20 Truly, truly, I say to you, you will weep and lament, but the world will rejoice; you will be sorrowful, but your sorrow will turn into joy. 21 When a woman is in travail she has sorrow, because her hour has come; but when she is delivered of the child, she no longer remembers the anguish, for joy that a child is born into the world. 22 So you have sorrow now, but I will see you again and your hearts will rejoice, and no one will take your joy from you. 23 In that day you will ask nothing of me. Truly, truly, I say to you, if you ask anything of the Father, he will give it to you in my name.
Meditation: Why did the Lord Jesus tell his disciples
that they would weep and be sorrowful? Jesus was neither a
pessimist nor a masochist, and he was certainly more than a
realist! The way to happiness and joy in the kingdom of God is
through the cross. Sin must be brought to the cross of Jesus
Christ and evil can only be completely mastered by the power of
God's redeeming love. Jesus told his disciples that it was more
blessed to mourn for sin because it would yield the fruit of
peace, joy, and righteousness. Jesus knew that the cross would be
a stumbling block for those who refused to believe in him.
We, too, have a share in the victory and joy of Christ's resurrection
The cross for Jesus was not defeat but victory - victory over sin, over the forces of evil in the world, and over the devil - the arch-enemy of God and the human race. Through his atoning sacrifice on the cross Jesus won for us new abundant life and freedom over the power of sin, despair, and death. He was raised in power from the tomb on the third day and his glorified body will never taste death again. The Easter victory of the Lord Jesus gives us courage, strength, and confident hope in the face of suffering and death. In the resurrection of Jesus Christ our fears are laid to rest. His resurrection is total and final triumph over death, and for us peace and joy in the confident hope that we, too, will be raised to everlasting life with Christ.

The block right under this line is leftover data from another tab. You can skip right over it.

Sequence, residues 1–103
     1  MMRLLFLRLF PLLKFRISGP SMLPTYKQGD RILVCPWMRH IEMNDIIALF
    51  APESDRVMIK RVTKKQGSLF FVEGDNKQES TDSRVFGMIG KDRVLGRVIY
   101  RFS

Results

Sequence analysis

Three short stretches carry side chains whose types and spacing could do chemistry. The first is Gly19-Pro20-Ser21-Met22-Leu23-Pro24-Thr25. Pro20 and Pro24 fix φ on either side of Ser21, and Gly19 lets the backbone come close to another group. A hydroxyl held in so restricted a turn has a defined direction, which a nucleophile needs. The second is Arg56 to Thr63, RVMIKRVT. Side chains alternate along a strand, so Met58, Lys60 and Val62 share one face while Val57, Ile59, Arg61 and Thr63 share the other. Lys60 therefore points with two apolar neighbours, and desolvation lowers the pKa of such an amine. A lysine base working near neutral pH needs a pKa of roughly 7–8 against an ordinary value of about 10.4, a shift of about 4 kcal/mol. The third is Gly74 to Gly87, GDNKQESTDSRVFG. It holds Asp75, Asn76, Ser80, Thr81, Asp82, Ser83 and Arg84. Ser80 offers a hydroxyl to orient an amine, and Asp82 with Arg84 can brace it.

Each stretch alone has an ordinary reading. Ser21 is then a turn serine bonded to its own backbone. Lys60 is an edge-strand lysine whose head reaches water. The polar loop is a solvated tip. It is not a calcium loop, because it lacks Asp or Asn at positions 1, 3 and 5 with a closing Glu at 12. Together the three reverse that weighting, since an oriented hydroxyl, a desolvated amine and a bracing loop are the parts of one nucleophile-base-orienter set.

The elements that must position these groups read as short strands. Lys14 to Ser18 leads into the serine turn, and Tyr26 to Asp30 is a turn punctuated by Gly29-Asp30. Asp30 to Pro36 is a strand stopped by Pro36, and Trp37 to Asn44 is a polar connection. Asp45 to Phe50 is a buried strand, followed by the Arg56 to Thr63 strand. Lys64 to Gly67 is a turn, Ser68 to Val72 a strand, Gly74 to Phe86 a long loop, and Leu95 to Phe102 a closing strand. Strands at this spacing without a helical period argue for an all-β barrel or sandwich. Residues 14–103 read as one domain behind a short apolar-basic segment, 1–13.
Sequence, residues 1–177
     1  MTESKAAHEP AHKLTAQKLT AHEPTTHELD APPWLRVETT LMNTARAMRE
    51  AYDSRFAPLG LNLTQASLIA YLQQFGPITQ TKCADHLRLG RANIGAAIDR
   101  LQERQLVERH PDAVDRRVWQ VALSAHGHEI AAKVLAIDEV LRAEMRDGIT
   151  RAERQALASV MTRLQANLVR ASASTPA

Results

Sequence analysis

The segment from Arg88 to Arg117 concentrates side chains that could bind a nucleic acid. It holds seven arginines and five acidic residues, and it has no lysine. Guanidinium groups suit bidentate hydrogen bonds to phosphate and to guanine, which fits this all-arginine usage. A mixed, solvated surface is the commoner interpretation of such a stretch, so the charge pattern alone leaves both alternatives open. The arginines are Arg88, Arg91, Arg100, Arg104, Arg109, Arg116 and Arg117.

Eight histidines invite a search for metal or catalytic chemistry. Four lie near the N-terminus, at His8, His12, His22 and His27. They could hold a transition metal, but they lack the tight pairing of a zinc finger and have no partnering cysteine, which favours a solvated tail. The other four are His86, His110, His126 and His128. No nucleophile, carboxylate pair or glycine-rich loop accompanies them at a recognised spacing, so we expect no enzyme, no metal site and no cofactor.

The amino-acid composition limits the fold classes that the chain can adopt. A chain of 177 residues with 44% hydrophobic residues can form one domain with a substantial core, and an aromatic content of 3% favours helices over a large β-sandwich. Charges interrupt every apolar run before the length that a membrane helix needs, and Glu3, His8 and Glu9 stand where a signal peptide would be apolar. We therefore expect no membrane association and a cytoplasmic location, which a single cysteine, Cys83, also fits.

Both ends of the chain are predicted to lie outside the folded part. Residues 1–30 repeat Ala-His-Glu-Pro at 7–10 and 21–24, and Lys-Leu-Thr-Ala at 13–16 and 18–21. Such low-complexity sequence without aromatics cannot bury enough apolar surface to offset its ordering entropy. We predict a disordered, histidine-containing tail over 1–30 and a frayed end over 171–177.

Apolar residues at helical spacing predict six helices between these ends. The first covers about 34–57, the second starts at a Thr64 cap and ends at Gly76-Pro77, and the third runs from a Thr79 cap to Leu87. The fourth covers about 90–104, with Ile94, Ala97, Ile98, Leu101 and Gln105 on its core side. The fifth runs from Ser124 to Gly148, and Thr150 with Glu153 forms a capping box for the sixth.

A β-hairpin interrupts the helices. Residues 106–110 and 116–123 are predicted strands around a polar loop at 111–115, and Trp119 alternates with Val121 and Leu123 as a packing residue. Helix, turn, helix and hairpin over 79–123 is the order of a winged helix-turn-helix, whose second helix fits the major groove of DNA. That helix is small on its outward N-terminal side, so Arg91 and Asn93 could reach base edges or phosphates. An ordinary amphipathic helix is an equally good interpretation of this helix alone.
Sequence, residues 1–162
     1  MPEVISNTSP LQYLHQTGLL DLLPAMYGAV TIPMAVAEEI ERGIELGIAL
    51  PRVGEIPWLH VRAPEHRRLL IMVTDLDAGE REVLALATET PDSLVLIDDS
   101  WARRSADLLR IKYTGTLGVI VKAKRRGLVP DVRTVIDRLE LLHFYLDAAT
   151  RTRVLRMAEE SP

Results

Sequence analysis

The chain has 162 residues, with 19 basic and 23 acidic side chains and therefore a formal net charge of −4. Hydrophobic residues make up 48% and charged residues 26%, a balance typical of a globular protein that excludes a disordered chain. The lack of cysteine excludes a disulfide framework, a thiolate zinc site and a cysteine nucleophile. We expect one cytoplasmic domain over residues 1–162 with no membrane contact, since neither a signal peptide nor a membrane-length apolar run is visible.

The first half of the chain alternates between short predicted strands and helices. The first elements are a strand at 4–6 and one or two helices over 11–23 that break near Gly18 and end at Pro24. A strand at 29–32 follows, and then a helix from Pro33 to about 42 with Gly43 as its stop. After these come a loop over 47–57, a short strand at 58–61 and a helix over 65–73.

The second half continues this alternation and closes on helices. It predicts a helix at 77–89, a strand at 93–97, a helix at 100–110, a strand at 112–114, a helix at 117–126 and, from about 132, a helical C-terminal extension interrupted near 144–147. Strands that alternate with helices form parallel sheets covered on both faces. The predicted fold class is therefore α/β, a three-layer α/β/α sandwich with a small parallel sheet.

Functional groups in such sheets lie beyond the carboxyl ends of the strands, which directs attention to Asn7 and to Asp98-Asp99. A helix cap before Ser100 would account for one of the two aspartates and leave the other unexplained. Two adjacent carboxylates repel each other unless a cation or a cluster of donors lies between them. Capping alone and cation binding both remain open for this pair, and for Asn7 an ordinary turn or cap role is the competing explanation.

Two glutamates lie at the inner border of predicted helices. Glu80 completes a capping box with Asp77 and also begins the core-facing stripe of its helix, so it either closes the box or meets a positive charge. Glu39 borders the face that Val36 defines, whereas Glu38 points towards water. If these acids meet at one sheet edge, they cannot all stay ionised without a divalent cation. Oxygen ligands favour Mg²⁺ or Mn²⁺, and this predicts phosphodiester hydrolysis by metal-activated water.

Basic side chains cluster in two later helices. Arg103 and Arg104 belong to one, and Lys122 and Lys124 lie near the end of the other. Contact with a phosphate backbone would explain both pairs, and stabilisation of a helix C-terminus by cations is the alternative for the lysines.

We will have trials in this present age - .but, through the eyes of faith, we know the final outcome - complete victory over sin, suffering, and death in Jesus Christ. That is why we can pray confidently now, knowing that the Father in heaven will give us everything we need to live as his children and as disciples of our Lord Jesus Christ. Do you know the Easter joy of Christ's victory over sin and death?
2 For the LORD, the Most High, is awesome, a great king over all the earth.
3 He subdued peoples under us, and nations under our feet.
4 He chose our heritage for us, the pride of Jacob whom he loves. [Selah]
5 God has gone up with a shout, the LORD with the sound of a trumpet.
6 Sing praises to God, sing praises! Sing praises to our King, sing praises!
7 For God is the king of all the earth; sing praises with a psalm!
Daily Quote from the Early Church Fathers: Alleluia will be our whole joy, by Augustine of Hippo, 354-430 A.D.
"I trust I will not weary you if I mention what you know already: that we say ALLELUIA daily and that we take delight in it daily. For you know that ALLELUIA means "Praise God" and by this expression we, agreeing in speech and thought, exhort one another to praise God. Only the one who displeases God in no respect praises God in security. Furthermore, in this time of journeying we say ALLELUIA for solace on our way. ALLELUIA is the song of the traveler for us; but we are advancing through a laborious path to a peaceful country where all our activities will be laid aside and nothing will remain for us except the ALLELUIA. Let us sing now, not for the delights of peace, but for comfort in our labor. Sing as travelers are accustomed to sing; comfort your labor by singing; do not love inactivity; keep singing and keep progressing. ...If you are advancing; progress in well-doing, progress in good faith, progress in good deeds. Keep singing and keep advancing. While we are here let us sing ALLELUIA though we are still beset with cares, so that in the future we may sing it there (in heaven) in tranquility. After the labors of this world there will be unceasing repetition of ALLELUIA. ..There ALLELUIA will be our food; ALLELUIA will be our drink; ALLELUIA will be our peaceful action; ALLELUIA will be our whole joy." [excerpts from Sermon 255 (1); Sermon 256 (1 and 3); Sermon 252 (9)]